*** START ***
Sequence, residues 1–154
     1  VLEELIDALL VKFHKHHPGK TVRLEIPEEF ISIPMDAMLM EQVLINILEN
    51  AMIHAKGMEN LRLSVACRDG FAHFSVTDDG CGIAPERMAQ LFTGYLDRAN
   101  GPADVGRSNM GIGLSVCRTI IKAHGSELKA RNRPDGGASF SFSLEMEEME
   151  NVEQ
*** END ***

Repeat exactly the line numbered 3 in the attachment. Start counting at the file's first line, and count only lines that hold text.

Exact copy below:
    51  AMIHAKGMEN LRLSVACRDG FAHFSVTDDG CGIAPERMAQ LFTGYLDRAN